The BPP All-Time Dream Project | Baseball: Past and Present

The BPP All-Time Dream Project | Baseball: Past and Present

This was a fun little project in which I participated, one that took an interesting turn as I saw the names of some of the voters, making me feel like I was rubbing shoulders with some big boy sportswriters. The appeal of this for me was multifold tho, letting me reflect on my favorite ballplayers over the years--the ones I saw and read about as a kid through the ones I watch now--, and getting to see the opinions and selection reasoning of so many.

In my mind, the list of greats started here, with this collection from the 1976 Topps set:

This scan of my cards will probably make Sliced Tongue...check that...Who Made the Grade...cringe somewhat when his discriminating eye does its reflexive grading (or, he may offer a better example from his vast collection...). Anyway, the 10 cards have been valued ones to me, stirring up my interest in baseball history as they caused me to read about these players and others across the many decades of our great National Pastime. I've read a bunch of books about some of the old players, talked to my parents about them, and even got to meet a few of them from my days caddying at a Long Island country club, etc.

I only had this set a few years when I realized that one of the players honored, Pie Traynor, may well be eclipsed by one of the stars of my youth--Mike Schmidt. Regarding the others, though, I wasn't so sure if they had real challengers. Now, from this perspective, I don't agree with the 1976 selections entirely.

Anyway, here is who I would field, and who received my vote, for that one magical game.

1st: Lou Gehrig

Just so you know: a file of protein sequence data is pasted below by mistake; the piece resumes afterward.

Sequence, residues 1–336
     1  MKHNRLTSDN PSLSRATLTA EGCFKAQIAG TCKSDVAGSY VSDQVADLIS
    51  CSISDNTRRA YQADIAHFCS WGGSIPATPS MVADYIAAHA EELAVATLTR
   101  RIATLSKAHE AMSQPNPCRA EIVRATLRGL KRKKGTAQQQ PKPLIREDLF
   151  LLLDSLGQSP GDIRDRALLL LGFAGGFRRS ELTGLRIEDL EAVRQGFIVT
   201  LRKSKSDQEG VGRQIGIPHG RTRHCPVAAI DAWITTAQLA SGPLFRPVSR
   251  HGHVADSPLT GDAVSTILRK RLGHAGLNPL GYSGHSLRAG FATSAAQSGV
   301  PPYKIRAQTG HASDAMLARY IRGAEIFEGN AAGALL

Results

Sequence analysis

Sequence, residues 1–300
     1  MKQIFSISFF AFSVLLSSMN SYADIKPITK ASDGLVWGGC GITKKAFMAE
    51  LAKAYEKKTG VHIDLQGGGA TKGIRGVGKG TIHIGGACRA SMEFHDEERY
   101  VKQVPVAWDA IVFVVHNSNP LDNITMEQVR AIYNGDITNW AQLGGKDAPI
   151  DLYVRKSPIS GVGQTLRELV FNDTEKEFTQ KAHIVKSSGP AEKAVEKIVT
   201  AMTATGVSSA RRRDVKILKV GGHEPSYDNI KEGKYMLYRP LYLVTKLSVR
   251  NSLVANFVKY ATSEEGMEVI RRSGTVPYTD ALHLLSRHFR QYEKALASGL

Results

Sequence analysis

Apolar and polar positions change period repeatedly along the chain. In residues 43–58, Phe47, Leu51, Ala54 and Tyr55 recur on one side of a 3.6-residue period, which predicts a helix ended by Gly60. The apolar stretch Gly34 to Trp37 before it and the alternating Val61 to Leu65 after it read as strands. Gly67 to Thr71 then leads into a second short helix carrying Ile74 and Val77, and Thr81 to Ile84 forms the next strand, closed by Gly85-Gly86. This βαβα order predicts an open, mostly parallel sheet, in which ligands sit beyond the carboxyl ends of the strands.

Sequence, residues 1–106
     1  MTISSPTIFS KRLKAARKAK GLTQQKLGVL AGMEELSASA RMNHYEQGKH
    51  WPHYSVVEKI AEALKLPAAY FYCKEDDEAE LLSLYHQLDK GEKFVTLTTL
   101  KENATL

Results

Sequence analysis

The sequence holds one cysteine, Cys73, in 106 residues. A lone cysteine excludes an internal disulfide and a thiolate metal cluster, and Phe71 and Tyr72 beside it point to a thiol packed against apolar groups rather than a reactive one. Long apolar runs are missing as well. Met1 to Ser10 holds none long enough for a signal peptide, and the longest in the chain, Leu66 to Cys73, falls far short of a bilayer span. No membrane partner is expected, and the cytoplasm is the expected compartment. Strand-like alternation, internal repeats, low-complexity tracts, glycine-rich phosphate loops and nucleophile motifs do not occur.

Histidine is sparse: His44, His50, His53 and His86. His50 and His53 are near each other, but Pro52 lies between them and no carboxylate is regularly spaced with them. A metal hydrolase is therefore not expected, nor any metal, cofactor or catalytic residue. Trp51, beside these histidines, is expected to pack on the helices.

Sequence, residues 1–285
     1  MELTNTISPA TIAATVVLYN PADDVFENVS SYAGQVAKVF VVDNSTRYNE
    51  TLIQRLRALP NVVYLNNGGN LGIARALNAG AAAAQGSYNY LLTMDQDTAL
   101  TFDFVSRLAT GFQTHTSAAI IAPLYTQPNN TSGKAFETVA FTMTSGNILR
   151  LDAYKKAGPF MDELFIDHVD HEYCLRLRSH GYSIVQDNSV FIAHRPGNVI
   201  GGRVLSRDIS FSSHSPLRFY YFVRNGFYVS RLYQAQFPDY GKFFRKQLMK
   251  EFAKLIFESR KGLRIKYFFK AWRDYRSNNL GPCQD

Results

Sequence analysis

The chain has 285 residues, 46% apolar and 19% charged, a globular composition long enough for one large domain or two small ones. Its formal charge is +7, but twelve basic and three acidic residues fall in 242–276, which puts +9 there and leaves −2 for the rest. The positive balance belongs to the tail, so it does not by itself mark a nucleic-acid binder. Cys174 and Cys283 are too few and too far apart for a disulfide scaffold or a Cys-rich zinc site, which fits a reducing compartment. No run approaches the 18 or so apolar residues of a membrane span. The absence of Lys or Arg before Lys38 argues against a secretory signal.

2nd: Rogers Hornsby
3rd: Mike Schmidt
SS: Honus Wagner
LF: Ted Williams
CF: Willie Mays
RF: Babe Ruth
C: Yogi Berra
P: Walter Johnson

Now, comparing with the winning lineup, I felt pretty good being in such close agreement with the majority. I only missed at catcher, with Johnny Bench winning. It struck me as interesting that some of the really old timers are falling by the wayside, but that others are hanging strong.

My thoughts, by position:

First base--it's hard not to go with the Iron Horse. But, there have been so many good hitters at this position. I only thought for a second about old-time players like George Sisler, Hank Greenberg, Jimmie Foxx, and Willie McCovey. Don Mattingly was my favorite player for a long time, but his career doesn't come close to Gehrig's. Then there is Albert Pujols, who might be worthy of consideration when he retires if he remains on his current trajectory.

Second base--I thought for a few seconds about including Joe Morgan, but those ridiculous batting numbers of Hornsby made him my clear winner--I mean, come on, he averaged over .400 for a five-year stretch.

Third base--As a Yankee fan growing up, watching Nettles was fun, watching Brett was annoying, and seeing glimpses of what Schmidt was doing was exciting. Year after year, it seemed, he was winning home run titles and going to All Star games. As his numbers amassed, I wondered if Topps might have included Schmidt if they redid their list. He got my vote. It was interesting to me, though, to look at the voting and see how history seems to be forgetting Traynor, sinking him well beyond second place.

Shortstop--I saw a Tweet that said something like "If I have Hornsby at second, I want Ozzie Smith's glove over Wagner's bat." That made me consider this as a team, rather than the best individuals at each position. But, fielding purely the best at each position wouldn't really limit this team, would it? There have been a ton of great shortstops over the years, and it is interesting that Wagner is still the frontrunner here. Smith may have been the best fielder, and Cal Ripken earned some consideration from me, but I went with Wagner and his .328 career average.